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Boris Spassky
Boris Vasilevich Spassky
BORITH
Borlaug
Bormann
Born
Born again
Born days
born with a silver spoon in mouth
born yesterday
Born, Max
born-again
born-again Christian
borne out
Bornean
Borneo
Borneo camphor
borneol
Bornholm
Bornholm disease
Bornholm's disease
bornite
bornous
Bornu
boro-

Borne definitions

Webster's 1828 Dictionary

BORNE, pp. of bear. Carried; conveyed; supported; defrayed.
BORNE,n. The more correct orthography of bourn, a limit or boundary. [See Bourn.]

Merriam Webster's

I. past participle of bear II. adjective Date: circa 1559 transported or transmitted by used in combination <soilborne> <airborne>

Oxford Reference Dictionary

1 past part. of BEAR(1). 2 (in comb.) carried or transported by (airborne).

Webster's 1913 Dictionary

Bear Bear (b[^a]r), v. t. [imp. Bore (b[=o]r) (formerly Bare (b[^a]r)); p. p. Born (b[^o]rn), Borne (b[=o]r); p. pr. & vb. n. Bearing.] [OE. beren, AS. beran, beoran, to bear, carry, produce; akin to D. baren to bring forth, G. geb["a]ren, Goth. ba['i]ran to bear or carry, Icel. bera, Sw. b["a]ra, Dan. b[ae]re, OHG. beran, peran, L. ferre to bear, carry, produce, Gr. fe`rein, OSlav brati to take, carry, OIr. berim I bear, Skr. bh[.r] to bear. [root]92. Cf. Fertile.] 1. To support or sustain; to hold up. 2. To support and remove or carry; to convey. I 'll bear your logs the while. --Shak. 3. To conduct; to bring; -- said of persons. [Obs.] Bear them to my house. --Shak. 4. To possess and use, as power; to exercise. Every man should bear rule in his own house. --Esther i. 22. 5. To sustain; to have on (written or inscribed, or as a mark), as, the tablet bears this inscription. 6. To possess or carry, as a mark of authority or distinction; to wear; as, to bear a sword, badge, or name. 7. To possess mentally; to carry or hold in the mind; to entertain; to harbor --Dryden. The ancient grudge I bear him. --Shak. 8. To endure; to tolerate; to undergo; to suffer. Should such a man, too fond to rule alone, Bear, like the Turk, no brother near the throne. --Pope. I cannot bear The murmur of this lake to hear. --Shelley. My punishment is greater than I can bear. --Gen. iv. 13. 9. To gain or win. [Obs.] Some think to bear it by speaking a great word. --Bacon. She was . . . found not guilty, through bearing of friends and bribing of the judge. --Latimer. 10. To sustain, or be answerable for, as blame, expense, responsibility, etc. He shall bear their iniquities. --Is. liii. 11. Somewhat that will bear your charges. --Dryden. 11. To render or give; to bring forward. ``Your testimony bear'' --Dryden. 12. To carry on, or maintain; to have. ``The credit of bearing a part in the conversation.'' --Locke. 13. To admit or be capable of; that is, to suffer or sustain without violence, injury, or change. In all criminal cases the most favorable interpretation should be put on words that they can possibly bear. --Swift. 14. To manage, wield, or direct. ``Thus must thou thy body bear.'' --Shak. Hence: To behave; to conduct. Hath he borne himself penitently in prison ? --Shak. 15. To afford; to be to; to supply with. His faithful dog shall bear him company. --Pope. 16. To bring forth or produce; to yield; as, to bear apples; to bear children; to bear interest. Here dwelt the man divine whom Samos bore. --Dryden. Note: In the passive form of this verb, the best modern usage restricts the past participle born to the sense of brought forth, while borne is used in the other senses of the word. In the active form, borne alone is used as the past participle. To bear down. (a) To force into a lower place; to carry down; to depress or sink. ``His nose, . . . large as were the others, bore them down into insignificance.'' --Marryat. (b) To overthrow or crush by force; as, to bear down an enemy. To bear a hand. (a) To help; to give assistance. (b) (Naut.) To make haste; to be quick. To bear in hand, to keep (one) up in expectation, usually by promises never to be realized; to amuse by false pretenses; to delude. [Obs.] ``How you were borne in hand, how crossed.'' --Shak. To bear in mind, to remember. To bear off. (a) To restrain; to keep from approach. (b) (Naut.) To remove to a distance; to keep clear from rubbing against anything; as, to bear off a blow; to bear off a boat. (c) To gain; to carry off, as a prize. To bear one hard, to owe one a grudge. [Obs.] ``C[ae]sar doth bear me hard.'' --Shak. To bear out. (a) To maintain and support to the end; to defend to the last. ``Company only can bear a man out in an ill thing.'' --South. (b) To corroborate; to confirm. To bear up, to support; to keep from falling or sinking. ``Religious hope bears up the mind under sufferings.'' --Addison. Syn: To uphold; sustain; maintain; support; undergo; suffer; endure; tolerate; carry; convey; transport; waft.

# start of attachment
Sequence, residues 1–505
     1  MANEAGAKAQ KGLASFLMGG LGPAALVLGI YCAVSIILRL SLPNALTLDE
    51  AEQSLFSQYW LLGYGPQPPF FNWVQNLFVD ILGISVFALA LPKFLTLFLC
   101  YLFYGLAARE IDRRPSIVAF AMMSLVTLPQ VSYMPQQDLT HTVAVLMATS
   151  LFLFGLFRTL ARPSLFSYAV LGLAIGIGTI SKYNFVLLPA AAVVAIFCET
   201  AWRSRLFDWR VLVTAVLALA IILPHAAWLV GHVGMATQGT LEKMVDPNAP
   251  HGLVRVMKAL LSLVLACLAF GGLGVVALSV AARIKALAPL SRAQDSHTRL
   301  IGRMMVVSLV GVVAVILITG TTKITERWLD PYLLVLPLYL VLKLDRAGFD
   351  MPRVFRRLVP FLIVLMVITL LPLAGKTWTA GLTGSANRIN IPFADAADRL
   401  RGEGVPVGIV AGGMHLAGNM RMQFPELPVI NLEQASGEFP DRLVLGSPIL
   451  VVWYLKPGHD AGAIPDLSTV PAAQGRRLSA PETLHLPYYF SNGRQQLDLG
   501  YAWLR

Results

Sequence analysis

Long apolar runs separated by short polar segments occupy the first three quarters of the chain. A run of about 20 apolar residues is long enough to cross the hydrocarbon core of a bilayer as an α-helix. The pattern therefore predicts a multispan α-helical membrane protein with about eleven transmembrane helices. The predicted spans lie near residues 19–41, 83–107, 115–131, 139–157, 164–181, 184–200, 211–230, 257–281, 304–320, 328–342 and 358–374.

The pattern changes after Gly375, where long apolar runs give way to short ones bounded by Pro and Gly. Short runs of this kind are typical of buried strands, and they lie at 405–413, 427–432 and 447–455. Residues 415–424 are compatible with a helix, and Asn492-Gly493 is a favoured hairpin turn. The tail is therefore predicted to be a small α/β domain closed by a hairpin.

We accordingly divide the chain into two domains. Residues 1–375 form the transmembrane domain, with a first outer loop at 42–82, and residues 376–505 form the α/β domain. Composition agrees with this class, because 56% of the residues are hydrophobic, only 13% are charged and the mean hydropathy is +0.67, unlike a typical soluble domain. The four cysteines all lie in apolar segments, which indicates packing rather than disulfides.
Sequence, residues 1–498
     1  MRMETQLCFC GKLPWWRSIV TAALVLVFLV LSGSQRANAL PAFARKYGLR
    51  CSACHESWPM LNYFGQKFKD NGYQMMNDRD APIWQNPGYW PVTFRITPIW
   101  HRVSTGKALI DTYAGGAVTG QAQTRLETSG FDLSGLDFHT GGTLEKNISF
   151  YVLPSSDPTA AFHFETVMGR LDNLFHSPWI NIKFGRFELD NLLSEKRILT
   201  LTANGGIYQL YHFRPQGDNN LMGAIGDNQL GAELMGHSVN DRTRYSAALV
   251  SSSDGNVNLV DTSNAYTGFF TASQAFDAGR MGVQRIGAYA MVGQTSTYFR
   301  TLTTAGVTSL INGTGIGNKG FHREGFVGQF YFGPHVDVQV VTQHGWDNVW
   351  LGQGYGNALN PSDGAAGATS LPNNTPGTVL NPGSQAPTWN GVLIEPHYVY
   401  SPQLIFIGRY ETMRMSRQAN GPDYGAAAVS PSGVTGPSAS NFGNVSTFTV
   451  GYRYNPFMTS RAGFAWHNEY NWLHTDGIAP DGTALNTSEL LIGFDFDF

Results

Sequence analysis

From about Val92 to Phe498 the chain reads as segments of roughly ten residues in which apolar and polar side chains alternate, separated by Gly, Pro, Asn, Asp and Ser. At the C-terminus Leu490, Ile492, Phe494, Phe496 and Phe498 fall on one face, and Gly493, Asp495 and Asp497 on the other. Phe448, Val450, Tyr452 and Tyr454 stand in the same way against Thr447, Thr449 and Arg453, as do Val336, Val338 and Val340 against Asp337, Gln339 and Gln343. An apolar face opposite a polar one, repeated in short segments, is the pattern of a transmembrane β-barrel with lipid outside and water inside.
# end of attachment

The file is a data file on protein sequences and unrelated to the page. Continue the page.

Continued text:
Webster's 1913 Dictionary

Borne Borne (b[=o]rn), p. p. of Bear. Carried; conveyed; supported; defrayed. See Bear, v. t.

Collin's Cobuild Dictionary

Borne is the past participle of bear.

International Standard Bible Encyclopedia

See BORN.

Moby Thesaurus

based on, bolstered, braced, buttressed, founded on, grounded on, guyed, held, ineffectual, limited, maintained, mean, narrow, paltry, propped, set, shored up, small, stayed, supported, sustained, upheld




 


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